What MBTI/Enneagram type do you guys think I am? - Page 6

What MBTI/Enneagram type do you guys think I am?

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This is a discussion on What MBTI/Enneagram type do you guys think I am? within the What's my personality type? forums, part of the Personality Cafe category; ...

  1. #51

    Quote Originally Posted by iNdependent View Post
    Yes, that sounds like Te inf. As long as it's sth. you do for a longer period (at least hours, most likely days, even weeks) and not the "snapping" thing that has nothing to do with functions but with anger management or with the nervous system's lability (calm vs limbic dichotomy). People who are like that also usually regret their actions; the difference is Te inf is more bossing people around as opposed to the Fi dom's normal caring behaviour.

    Like, if you read an ESTJ stereotypical description on the net, all the negative parts of it coming out in you. Actually, that is a good test: see if you identify you in these periods of time when you lash out with all the bad things you can find in some end-of-test-given description of ESTJ (micromanaging, bossing people around, tyrant). After a state like that you don't just regret the way you treated others, but feel that you were acting like another person with totally different personality traits, traits you would like to have if you were to handle them well, but you didn't, you handled them horribly, turning them into the worst behaviour possible.

    This part, not necessarily Te inf: Any type can be a procrastinator, even the ExTJs (they may be frustrated and unmotivated). But it's more common among Ps than among Js. ENFPs are also big procrastinators, so it's not a differentiator.

    I see you chose INFP above your picture. I agree, it was the most likely.
    Yep, I did because I figured it was the right thing to do after some self reflection and what not. The only thing I don’t get in your comment is the “tyrant” part under your description of inferior Te. I figured that could just be another word too controlling or something, I just thought it seemed a bit dramatic is all, but that’s just me.

  2. #52

    Quote Originally Posted by 0wl View Post
    Based on how you describe yourself, to me you sound like an ISTP 5w4 sp/so.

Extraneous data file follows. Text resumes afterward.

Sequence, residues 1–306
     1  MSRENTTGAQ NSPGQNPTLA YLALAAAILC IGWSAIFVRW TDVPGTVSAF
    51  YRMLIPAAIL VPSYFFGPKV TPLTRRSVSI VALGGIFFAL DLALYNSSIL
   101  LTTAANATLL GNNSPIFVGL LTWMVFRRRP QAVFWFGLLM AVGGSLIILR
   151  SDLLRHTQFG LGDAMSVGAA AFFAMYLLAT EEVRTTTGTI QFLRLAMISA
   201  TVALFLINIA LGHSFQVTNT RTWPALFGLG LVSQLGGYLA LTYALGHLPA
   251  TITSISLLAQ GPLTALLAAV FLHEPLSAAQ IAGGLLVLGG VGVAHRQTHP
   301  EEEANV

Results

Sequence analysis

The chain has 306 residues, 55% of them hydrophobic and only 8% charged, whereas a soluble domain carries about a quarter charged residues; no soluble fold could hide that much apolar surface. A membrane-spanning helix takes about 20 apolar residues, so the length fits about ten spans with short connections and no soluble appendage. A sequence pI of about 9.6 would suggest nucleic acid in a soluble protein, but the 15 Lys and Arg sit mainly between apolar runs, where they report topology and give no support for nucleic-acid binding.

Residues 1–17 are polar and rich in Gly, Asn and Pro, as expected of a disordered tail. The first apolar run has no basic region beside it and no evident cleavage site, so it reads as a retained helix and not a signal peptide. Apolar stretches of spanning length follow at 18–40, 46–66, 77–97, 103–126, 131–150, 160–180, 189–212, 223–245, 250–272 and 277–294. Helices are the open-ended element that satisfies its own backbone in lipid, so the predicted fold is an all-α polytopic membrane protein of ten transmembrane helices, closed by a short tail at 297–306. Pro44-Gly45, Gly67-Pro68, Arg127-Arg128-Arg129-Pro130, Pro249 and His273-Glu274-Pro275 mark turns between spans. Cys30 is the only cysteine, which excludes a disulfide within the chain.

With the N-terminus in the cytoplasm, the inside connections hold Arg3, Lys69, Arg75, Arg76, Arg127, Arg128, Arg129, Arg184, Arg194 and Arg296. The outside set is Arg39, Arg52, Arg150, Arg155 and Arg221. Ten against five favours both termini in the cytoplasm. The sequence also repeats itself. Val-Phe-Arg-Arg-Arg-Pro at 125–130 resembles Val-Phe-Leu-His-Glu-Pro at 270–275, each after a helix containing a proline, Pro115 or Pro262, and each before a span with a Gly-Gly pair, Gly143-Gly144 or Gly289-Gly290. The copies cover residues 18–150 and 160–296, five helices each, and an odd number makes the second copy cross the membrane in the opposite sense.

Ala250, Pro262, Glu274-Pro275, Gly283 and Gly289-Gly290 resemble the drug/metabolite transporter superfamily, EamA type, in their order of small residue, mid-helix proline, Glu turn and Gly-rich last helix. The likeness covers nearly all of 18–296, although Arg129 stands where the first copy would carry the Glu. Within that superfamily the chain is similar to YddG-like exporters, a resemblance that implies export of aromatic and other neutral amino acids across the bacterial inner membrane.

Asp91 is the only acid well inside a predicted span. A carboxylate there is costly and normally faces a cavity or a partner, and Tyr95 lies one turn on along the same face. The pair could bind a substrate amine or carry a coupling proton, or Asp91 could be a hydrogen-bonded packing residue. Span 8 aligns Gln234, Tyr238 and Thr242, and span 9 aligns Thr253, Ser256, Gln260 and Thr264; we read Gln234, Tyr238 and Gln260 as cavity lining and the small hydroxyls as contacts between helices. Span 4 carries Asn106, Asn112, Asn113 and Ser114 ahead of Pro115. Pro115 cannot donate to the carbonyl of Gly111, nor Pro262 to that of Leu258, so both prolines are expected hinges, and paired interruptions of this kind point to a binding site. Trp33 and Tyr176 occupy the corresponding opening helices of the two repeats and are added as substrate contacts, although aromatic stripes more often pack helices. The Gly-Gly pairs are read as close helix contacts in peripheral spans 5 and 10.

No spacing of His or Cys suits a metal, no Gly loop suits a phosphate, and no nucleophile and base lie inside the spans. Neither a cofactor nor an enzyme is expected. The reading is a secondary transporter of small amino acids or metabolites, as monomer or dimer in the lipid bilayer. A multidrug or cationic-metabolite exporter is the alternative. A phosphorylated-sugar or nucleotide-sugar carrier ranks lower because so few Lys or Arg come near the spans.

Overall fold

Hey @Owl . It's really nice to see you on since I haven't seen you in such a long time (unless you're an imposter owl and in that case, nice to meet you).

    I'm curious what the indicators you're getting for Ti/Fi and Se? I'm particularly interested in where you see Ti, as you said ISXP which inclueds ISTP.

    I'd suggest the instinctual variants could either be sx/so or sp/so, but I'm much less schooled in Enneagram and the variants. I do agree with 5w4 or 4w5; whichever resonates more.

  3. #53

    Quote Originally Posted by brightflashes View Post
    Hey @Owl . It's really nice to see you on since I haven't seen you in such a long time (unless you're an imposter owl and in that case, nice to meet you).

    I'm curious what the indicators you're getting for Ti/Fi and Se? I'm particularly interested in where you see Ti, as you said ISXP which inclueds ISTP.

    I'd suggest the instinctual variants could either be sx/so or sp/so, but I'm much less schooled in Enneagram and the variants. I do agree with 5w4 or 4w5; whichever resonates more.
    Yeah to me, whenever someone says Ti, I get a little confused because I can't see myself as a T type at all, much less an E one, lol. I could see ISFP, but that would lead to Ne PoLR as opposed to Se PoLR. Plus, there are at least a few people in the typology community that pointed out my tertiary Si, leading to Se PoLR. Not only that, but I figured that Ne in the auxiliary position is very different compared to Ne in dominant position. I've read somewhere that your aux is like a "switch," so I can turn on/off Ne whenever, so I've wondered if I turn on my Ne whenever I talk because it's the function I'm extraverting. Although, I've also heard that Ne could also happen in the head as well, such as this: bananas are yellow like the sun > the sun > hot stars in space > collapsing into black holes > how scary/painful it would be to fall into one > that one scene in Interstellar > multiple universes? > what if's? > comparing TV shows to different timelines and universes, like what if these characters are actually real in another universe?